Gingrich is the master of hardball politics and pomposity. In 1991, he was quoted as telling a group of young Republicans to "do things that may be wrong; but do something," adding that one of the party's "great problems" was that "we don't encourage you to be nasty."

He reached his rhetorical pinnacle three days before the 1994 election, when he equated the murder of children to Democratic values. He was quoted in news reports at the time as saying of Susan Smith, a South Carolina woman who drowned her two young sons: "the mother killing her two children in South Carolina vividly reminds every American how sick the society is getting and how much we have to have change. I think people want to change and the only way you get change is to vote Republican. That's the message for the last three days."

In 1997, Gingrich became the first House speaker in U.S. history to be censured and fined for ethical misconduct involving taxes. After his resignation from Congress, he became a fellow at two of the country's most important rightwing think tanks, the American Enterprise Institute and the Hoover Institution.

In 1999, he founded the Gingrich Group, which according to its Web site is "a communications and consulting firm that specializes in transformational change." And in January 2003, the Center for Health Transformation, "a collaboration of public and private sector leaders dedicated to the creation of a 21st Century Intelligent Health System in which knowledge saves lives and saves money for every American," was launched as a project of the Gingrich Group. Gingrich also has been a political analyst for the Fox News Channel.

Gingrich's comeback is being driven by a compelling combo: God and government. He writes in his book: "We must re-establish that our rights come from our Creator and that an America that has driven God out of the public arena is an America on the way to decay and defeat."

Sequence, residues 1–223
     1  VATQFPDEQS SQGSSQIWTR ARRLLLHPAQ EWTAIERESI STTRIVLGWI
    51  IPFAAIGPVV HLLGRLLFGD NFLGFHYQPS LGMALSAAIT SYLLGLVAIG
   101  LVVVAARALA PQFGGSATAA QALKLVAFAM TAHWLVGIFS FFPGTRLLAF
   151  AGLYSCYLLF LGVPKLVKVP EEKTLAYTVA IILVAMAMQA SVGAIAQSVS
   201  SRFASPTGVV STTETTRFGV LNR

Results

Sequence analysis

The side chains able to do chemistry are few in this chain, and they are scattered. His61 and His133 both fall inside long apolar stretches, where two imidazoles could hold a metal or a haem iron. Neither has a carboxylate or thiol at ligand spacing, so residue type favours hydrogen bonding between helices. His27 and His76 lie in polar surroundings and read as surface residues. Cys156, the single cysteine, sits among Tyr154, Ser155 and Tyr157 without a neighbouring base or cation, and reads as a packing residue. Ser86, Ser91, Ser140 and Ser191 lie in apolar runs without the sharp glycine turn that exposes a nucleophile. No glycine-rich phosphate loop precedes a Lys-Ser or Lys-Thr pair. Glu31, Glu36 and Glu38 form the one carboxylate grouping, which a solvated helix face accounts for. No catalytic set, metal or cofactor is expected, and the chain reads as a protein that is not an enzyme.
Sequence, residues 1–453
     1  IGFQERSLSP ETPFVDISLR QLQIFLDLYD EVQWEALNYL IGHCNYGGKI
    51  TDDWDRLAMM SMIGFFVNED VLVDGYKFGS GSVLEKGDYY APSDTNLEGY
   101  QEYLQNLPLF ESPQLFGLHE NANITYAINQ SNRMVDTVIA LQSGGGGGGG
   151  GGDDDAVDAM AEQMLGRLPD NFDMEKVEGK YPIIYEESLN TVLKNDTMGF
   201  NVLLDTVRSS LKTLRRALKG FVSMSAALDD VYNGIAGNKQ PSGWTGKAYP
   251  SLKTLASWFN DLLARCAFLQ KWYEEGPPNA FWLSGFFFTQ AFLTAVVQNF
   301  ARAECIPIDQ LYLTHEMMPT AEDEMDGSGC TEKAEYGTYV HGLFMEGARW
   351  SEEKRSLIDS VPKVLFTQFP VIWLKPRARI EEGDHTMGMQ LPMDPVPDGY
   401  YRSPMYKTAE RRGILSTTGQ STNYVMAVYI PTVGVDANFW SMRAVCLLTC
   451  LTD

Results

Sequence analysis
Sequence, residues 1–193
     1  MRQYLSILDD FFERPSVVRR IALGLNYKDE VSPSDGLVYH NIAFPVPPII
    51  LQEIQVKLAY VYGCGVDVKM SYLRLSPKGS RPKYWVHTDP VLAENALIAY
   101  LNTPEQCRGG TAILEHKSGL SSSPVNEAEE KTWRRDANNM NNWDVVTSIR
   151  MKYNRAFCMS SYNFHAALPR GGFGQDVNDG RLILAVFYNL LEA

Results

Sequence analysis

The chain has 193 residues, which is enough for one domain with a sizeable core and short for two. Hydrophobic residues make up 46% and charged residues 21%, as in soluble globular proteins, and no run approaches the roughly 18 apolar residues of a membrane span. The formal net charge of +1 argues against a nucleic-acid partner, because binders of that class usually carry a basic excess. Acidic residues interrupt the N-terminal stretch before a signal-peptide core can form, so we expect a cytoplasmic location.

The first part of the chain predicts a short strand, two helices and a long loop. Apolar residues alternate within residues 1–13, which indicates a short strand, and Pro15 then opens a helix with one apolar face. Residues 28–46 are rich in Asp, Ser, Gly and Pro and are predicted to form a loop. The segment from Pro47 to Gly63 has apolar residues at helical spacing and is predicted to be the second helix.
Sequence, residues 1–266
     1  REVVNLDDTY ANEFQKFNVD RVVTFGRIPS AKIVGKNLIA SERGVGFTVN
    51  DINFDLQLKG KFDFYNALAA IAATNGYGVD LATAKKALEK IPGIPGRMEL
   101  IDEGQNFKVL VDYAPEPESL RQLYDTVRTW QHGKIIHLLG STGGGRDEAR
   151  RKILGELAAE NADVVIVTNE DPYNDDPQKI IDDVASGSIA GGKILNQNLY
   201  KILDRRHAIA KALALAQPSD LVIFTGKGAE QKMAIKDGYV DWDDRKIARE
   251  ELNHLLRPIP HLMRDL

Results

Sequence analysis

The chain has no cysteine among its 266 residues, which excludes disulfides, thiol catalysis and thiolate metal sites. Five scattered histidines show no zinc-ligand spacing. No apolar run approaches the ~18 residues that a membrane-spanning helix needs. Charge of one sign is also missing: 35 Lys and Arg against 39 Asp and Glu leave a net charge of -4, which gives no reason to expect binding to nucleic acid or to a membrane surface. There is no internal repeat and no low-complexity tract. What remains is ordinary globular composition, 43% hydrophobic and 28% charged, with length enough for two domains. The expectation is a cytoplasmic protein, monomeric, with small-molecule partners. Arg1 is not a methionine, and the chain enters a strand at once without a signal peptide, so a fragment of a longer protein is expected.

In late February, after several years' absence, Gingrich spoke at a breakfast sponsored by the Christian Science Monitor. He gave a speech that another newspaper, the Chicago Sun-Times, described as "an intellectual and historical romp -- a short course on the ills facing the nation and, naturally, the cures."

Jumping aboard the so-called values bandwagon, Gingrich talked about God in public life. "As a historian, I can talk about how the Declaration of Independence was written, what Thomas Jefferson stands for, and whether it is good for American families to go on a walking tour of Washington to see historically the absolute fact that the Founding Fathers were deeply committed to the idea our rights come from God," he said.

Gingrich's political future hinges on more than proposals to cut taxes, raise education standards, combat terrorism, create private health care accounts, and private the government's Social Security retirement plan -- all positions he advocates in his new book.

Dogged by a history of ethical lapses, multiple sexual affairs, and the abandonment of one of his wives while she had cancer, the man who led the Republican Revolution now seems determined to create his own 21st century revolutionary moment by adding a generous helping of the Christian right's "traditional values" agenda to his assortment of conservative economic proposals.

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Albion Monitor May 18, 2005 (